It is 1957. J.C. Cullen is a young man from a small town, with a talent for winning at craps, who leaves for the big city to work as a professional gambler. While there, he breaks the bank ... See full summary »
The patriarch of a family-owned corporation hires a young race car driver to help him design a fuel efficient car in secrecy. They face resistance from the president of the company (the patriarch's grandson), who wishes to eliminate the motor car division because of bad blood between himself and his grandfather. During flashbacks, a parallel set of problems is revealed in the family's past, problems that persist into the present, and the race car driver gets deeper into the web of deception and corporate intrigue.Written by
Ed Sutton <firstname.lastname@example.org>
Warner Brothers had paid a six figure sum for the rights in 1971, and Harold Robbins was originally on-board as a producer. See more »
Son, I hate to say this, but in your heart you know it anyway. You're not within twenty years of running a company bigger than a bicycle shop, let alone a great company like mine.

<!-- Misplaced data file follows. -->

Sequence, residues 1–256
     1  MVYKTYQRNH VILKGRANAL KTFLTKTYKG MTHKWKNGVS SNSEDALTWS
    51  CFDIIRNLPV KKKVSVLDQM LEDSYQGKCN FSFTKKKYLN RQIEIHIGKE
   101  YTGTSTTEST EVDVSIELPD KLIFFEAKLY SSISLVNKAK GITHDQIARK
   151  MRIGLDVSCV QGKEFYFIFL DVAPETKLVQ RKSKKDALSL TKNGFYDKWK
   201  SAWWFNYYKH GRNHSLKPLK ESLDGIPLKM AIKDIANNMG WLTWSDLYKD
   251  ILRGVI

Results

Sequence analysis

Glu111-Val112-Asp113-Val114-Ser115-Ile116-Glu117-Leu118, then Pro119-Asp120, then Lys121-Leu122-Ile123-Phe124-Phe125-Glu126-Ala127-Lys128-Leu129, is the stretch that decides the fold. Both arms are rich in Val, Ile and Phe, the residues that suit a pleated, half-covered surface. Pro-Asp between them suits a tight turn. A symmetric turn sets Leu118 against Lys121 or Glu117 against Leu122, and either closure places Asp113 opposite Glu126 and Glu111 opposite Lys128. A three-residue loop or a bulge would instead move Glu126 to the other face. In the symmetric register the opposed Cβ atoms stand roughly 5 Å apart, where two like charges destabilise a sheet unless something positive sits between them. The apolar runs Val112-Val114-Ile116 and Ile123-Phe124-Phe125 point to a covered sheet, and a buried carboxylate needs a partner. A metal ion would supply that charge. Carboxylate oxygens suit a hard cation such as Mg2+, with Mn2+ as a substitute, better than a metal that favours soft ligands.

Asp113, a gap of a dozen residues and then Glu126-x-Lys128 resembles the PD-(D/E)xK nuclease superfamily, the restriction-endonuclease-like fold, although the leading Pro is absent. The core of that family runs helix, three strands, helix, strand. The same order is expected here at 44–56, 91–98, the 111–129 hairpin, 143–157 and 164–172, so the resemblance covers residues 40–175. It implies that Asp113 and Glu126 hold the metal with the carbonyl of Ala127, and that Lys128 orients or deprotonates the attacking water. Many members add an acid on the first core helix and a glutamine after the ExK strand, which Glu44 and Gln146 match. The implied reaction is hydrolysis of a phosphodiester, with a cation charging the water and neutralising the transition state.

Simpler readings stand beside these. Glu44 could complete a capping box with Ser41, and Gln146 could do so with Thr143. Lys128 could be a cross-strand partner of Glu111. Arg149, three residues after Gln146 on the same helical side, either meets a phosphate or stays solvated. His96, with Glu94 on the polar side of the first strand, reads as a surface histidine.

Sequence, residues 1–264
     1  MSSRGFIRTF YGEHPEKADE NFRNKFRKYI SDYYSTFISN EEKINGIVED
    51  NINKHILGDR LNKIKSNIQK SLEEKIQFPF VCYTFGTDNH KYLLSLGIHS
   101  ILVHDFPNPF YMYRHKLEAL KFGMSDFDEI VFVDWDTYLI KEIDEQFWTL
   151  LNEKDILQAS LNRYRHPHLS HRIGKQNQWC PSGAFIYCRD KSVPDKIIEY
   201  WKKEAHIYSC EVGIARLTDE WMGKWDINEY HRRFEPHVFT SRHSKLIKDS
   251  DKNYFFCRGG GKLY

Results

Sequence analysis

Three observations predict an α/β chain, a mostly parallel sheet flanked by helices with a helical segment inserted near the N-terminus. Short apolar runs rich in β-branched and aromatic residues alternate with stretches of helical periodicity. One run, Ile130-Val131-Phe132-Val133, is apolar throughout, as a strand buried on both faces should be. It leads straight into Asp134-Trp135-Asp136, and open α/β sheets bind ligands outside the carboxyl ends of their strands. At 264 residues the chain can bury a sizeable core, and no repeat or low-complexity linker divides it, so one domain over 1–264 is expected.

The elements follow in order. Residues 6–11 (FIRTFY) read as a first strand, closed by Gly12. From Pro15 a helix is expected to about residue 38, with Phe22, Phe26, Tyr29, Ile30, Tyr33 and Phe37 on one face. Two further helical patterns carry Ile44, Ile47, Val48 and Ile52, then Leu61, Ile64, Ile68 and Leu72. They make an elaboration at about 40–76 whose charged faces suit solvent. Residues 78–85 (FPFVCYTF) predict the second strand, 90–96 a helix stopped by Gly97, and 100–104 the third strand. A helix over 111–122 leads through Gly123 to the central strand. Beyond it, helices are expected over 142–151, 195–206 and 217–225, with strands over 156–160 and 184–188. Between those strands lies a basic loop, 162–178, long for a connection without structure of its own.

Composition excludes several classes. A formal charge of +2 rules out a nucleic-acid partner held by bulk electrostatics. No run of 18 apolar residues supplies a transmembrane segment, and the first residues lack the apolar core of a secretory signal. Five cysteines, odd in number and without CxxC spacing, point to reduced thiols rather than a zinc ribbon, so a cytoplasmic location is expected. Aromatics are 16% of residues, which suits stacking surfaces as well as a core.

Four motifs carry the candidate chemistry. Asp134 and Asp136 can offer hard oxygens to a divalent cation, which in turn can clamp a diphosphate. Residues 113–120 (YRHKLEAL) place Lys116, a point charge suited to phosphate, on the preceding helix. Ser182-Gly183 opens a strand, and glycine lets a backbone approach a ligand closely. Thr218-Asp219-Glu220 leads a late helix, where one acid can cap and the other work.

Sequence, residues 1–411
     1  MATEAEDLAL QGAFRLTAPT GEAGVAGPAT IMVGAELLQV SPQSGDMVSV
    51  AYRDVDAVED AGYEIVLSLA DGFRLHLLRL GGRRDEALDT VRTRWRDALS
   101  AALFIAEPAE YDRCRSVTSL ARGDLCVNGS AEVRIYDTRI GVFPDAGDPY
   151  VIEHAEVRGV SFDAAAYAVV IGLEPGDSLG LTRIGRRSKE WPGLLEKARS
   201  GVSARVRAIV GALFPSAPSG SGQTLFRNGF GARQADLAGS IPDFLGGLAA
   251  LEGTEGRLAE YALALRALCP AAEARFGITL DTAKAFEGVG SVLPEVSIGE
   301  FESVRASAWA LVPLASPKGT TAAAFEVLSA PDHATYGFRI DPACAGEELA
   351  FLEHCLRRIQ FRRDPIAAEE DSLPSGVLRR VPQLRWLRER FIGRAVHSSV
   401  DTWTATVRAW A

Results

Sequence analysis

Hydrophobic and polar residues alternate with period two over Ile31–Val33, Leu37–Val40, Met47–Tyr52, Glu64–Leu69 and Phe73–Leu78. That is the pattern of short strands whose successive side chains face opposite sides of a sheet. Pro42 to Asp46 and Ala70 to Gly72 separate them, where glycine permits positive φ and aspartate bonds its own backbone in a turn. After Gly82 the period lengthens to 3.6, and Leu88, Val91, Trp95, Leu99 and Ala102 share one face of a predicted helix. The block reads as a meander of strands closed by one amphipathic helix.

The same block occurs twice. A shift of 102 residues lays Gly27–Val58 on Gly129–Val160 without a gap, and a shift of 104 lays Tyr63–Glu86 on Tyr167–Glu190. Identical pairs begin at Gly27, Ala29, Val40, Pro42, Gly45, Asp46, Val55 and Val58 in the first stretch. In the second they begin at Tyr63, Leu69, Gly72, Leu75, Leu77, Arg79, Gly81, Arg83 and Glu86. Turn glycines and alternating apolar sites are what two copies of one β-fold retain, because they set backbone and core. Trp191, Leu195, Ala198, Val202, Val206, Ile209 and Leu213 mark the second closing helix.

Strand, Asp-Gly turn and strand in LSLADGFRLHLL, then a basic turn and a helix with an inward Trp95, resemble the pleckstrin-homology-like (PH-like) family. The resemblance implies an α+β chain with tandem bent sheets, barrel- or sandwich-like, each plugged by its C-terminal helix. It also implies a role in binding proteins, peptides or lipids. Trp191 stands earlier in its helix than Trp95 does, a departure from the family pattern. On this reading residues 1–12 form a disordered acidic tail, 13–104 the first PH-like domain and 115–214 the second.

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Laurence Olivier is the multi-millionaire head of a family, who's rich due to the family business, making cars. Larry wants to make a new car whose engine would be environmentally safe. He needs Tommy Lee Jones' (a race car driver) assistance in creating the engine. And, that begins the present day plot. There are flashbacks that show just how and why things are the way they are today. The presence of Katharine Ross and Kathleen Beller make this feel like Dynasty. And, Robert Duvall is Larry's grandson who'll stop at nothing to stop the development of "The Betsy," which is what Larry named the engine. The movie is nothing like "The Oscar" in that it's not flashy or campy; and, it doesn't have any it's-so-bad-it's good value to it. Instead, you get the impression they tried to take themselves seriously and in doing so, only emphasized the fact these are not nice people and it gives the movie a kind of seedy, mean quality to it. Its love scenes add to its trashy feel to it and not entirely in a good way. The music is so understated, mellow, and refined, it sounds like some "Godfather" copy. All in all, once you've seen the ending, you may want to see it again, knowing what you know. But, it's not much to really write home about.
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